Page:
Carl Jung and the Jewish Mystical Tradition Part III
From the 1591 edition of Moses Cordovero, The Garden of Pomegranates
The Sefirotic Tree of Life
By Tony Woolfson, Ph.D.
In the winter of 1944 Jung lost his footing when out walking, fell, and broke his foot. Perhaps the symbolic significance of losing his footing contributed to his suffering a heart attack shortly thereafter. For several weeks he hovered in a liminal state, on the threshold of death, often with the feeling of being way above the Earth in an altered state entirely. He was certainly in a mystical condition, in an out of body near-death situation. The down-to-earth reality of the daily hospital routines irritated him intensely and about the only time he experienced a complete relief from the vagaries of his illness was late at night when the night nurse brought him some soup. Perhaps she brought him chicken soup, a symbolic cure-all that Jewish mothers will tell us cannot hurt, and it might even do some good. Jung even fancied that the nurse was an old Jewish mother figure, preparing ritual kosher dishes for him. And only then was Jung able to eat, and with appetite, as he describes it in his Memories, Dreams, Reflections.
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In addition, then, to his roles as son, husband, father, psychiatrist, professor, medical psychologist, and analytical psychologist, Jung was obviously something of a mystic, with leanings towards Jewish Mysticism as well as the more obvious mysticism of one so deeply immersed in the study of alchemical symbolism. And so, the seriously ill Jung had a most significant and highly symbolic vision. Associated in some way with his fantasizing that he was being cared for by an old Jewish mother figure, who even, he says, “seemed to have a blue halo around her head”, Jung then imagined or envisioned himself in a profoundly mystical Jewish place:
“I myself was, so it seemed, in the Pardes Rimonim, the Garden of Pomegranates in 16th. Century Jewish mysticism, and the wedding of Tifereth with Malchuth was taking place. Or else I was Rabbi Simon ben Jochai, whose wedding in the afterlife was being celebrated. It was the mystic marriage as it appears in the Kabbalistic tradition. I cannot tell you how wonderful it was. I could only think continually, “Now this is the garden of pomegranates! Now this is the marriage of Malchuth with Tifereth!” I do not know what part I played in it. At bottom it was I myself. I was the marriage. And my beatitude was that of a blissful wedding.”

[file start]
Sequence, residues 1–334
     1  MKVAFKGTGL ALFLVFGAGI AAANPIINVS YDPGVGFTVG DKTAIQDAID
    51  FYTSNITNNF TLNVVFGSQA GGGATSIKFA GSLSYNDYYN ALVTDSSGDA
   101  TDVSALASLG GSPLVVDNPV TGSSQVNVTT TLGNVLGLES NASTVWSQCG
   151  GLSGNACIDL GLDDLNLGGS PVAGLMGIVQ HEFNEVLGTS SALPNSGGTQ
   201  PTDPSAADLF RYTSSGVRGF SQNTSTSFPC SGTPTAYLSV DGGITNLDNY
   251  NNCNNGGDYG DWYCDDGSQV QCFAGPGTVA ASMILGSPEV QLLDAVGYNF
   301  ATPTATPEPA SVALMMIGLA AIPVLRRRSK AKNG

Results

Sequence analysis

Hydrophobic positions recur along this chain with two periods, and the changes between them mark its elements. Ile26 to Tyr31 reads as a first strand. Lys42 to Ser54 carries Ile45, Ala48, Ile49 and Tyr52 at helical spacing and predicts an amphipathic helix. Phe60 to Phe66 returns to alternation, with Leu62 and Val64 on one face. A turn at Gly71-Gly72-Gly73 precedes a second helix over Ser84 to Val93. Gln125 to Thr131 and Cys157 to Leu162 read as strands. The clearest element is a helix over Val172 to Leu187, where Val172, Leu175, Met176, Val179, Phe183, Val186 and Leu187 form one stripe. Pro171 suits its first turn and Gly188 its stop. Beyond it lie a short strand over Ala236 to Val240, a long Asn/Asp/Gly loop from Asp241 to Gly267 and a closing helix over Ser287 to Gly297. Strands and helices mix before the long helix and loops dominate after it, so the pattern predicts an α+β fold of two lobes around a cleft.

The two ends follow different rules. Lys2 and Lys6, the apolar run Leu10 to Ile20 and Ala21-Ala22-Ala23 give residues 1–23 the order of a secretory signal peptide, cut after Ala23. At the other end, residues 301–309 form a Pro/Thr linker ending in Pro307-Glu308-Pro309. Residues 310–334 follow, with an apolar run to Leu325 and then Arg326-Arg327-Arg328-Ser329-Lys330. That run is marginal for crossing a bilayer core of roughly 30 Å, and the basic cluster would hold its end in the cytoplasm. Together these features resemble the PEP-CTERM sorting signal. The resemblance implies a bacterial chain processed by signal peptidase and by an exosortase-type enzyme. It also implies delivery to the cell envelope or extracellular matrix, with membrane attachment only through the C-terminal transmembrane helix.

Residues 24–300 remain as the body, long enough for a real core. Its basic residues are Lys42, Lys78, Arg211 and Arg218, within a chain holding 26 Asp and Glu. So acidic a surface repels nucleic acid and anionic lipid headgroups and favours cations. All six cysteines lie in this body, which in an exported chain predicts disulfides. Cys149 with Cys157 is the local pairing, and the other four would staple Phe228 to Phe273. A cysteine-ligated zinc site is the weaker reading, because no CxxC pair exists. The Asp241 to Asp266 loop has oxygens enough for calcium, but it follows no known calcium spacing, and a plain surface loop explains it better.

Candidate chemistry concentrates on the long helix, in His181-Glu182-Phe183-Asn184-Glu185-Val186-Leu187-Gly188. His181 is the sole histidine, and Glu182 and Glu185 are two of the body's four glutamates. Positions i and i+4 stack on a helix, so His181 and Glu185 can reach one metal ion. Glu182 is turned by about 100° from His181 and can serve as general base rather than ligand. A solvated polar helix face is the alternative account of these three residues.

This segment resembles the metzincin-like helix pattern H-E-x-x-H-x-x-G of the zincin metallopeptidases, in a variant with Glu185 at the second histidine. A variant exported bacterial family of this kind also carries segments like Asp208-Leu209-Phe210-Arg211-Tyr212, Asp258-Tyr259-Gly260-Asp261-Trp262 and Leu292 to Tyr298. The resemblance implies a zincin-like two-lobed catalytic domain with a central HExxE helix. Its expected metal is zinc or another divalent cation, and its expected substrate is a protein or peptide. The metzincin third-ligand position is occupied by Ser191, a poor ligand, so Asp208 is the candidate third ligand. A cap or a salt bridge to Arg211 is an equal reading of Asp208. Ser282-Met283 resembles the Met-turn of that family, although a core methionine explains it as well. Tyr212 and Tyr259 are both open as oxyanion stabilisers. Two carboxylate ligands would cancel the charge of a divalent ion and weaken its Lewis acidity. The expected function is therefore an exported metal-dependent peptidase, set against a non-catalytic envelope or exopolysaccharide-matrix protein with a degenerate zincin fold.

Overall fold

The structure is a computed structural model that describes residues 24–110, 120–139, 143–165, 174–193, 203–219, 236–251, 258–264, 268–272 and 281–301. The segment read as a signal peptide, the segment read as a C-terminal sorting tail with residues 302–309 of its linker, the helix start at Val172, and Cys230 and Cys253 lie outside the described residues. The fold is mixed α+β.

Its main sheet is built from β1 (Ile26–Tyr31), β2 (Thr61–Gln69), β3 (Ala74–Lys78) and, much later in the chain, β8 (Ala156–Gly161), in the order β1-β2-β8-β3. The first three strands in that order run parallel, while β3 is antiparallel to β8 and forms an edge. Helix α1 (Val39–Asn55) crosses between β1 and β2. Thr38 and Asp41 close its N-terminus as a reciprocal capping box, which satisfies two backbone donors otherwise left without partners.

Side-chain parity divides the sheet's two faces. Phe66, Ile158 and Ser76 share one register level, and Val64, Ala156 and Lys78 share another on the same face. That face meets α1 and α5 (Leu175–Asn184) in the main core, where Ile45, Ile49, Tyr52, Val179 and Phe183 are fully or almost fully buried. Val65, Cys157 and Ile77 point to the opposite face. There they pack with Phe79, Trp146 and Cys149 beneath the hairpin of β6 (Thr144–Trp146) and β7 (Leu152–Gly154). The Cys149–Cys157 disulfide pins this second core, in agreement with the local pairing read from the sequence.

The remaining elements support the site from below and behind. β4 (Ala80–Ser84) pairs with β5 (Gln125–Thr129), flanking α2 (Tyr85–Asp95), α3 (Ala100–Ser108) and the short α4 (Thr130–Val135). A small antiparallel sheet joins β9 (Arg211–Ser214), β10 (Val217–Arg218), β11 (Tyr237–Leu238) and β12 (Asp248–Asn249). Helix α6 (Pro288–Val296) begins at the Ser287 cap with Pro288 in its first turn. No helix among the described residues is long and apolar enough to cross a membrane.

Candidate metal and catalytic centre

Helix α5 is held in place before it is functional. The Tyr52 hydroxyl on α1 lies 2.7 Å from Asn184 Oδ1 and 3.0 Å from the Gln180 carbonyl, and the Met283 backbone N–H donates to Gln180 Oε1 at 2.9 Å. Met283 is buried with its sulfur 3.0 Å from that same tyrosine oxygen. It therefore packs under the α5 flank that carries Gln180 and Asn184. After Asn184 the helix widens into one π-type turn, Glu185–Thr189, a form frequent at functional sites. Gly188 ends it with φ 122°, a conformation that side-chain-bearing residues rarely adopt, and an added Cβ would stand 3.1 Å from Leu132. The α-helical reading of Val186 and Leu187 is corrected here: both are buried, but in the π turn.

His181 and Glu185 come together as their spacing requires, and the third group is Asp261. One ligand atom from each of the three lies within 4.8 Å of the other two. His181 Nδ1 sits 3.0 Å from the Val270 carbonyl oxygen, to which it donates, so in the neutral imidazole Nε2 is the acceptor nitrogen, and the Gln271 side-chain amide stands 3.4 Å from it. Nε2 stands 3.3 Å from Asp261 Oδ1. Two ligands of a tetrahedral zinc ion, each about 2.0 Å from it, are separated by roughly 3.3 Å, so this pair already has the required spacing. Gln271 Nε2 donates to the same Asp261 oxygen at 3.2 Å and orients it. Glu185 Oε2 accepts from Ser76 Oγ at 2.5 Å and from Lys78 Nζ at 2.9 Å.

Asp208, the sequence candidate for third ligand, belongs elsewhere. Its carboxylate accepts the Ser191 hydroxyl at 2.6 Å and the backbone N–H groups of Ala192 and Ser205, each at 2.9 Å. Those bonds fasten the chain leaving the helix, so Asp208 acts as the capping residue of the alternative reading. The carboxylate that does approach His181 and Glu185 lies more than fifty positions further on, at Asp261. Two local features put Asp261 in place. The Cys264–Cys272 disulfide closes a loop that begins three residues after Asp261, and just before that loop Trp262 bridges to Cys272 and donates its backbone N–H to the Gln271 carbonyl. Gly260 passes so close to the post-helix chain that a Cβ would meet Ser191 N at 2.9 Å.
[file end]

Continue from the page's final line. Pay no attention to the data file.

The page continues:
Diagram of the Sefirot from Cordovero’s book
Yes, upon first reading this stuff one might simply say what a crazy man Jung was. Before going straight to that conclusion, however, it might be worth looking up the section of Jung’s Memories, Dreams, Reflections where he talks about this and other Visions he had in his immensely meaningful life. The bride in Jung’s vision is Malkhuth, the tenth of the sefirot in the Sefirotic Tree of Life, symbolizing the earthly, physical quality of female matter, as opposed to the ethereal, spiritual quality of Keter, the crown, the uppermost of the sefiroth. Four different images of the Kabbalistic Sefirotic Tree accompany this short commentary. Even more significant for Jung’s vision of being present at the marriage of Tifereth, Majesty, and Malkhuth is the fact that Malkhuth is another name for the Sheltering Presence, Shekhinah, and just that mystical wedding in Jung’s vision, or that coniunctio, was at the very heart of the Kabbalistic endeavour. The Kabbalists sought to re-unite the Shekhinah with the People Israel. Remember too the Sabbath story! And it
Oriental Kabbalistic Scroll from around 1605
might be worth tuning in this Saturday, April 11th at noon, when I will surely have lots more to say about Jung and the Jewish Mystical Tradition. See you then, well, not exactly, unfortunately, but I have learned that people from all five five continents have registered, and won’t it just be marvelous to think about that for a wee while … Thank you.
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Contemporary diagram of the Sefirotic Tree
Tags: carl jung, jewish, Judaism, jungian, mystical tradition, mysticism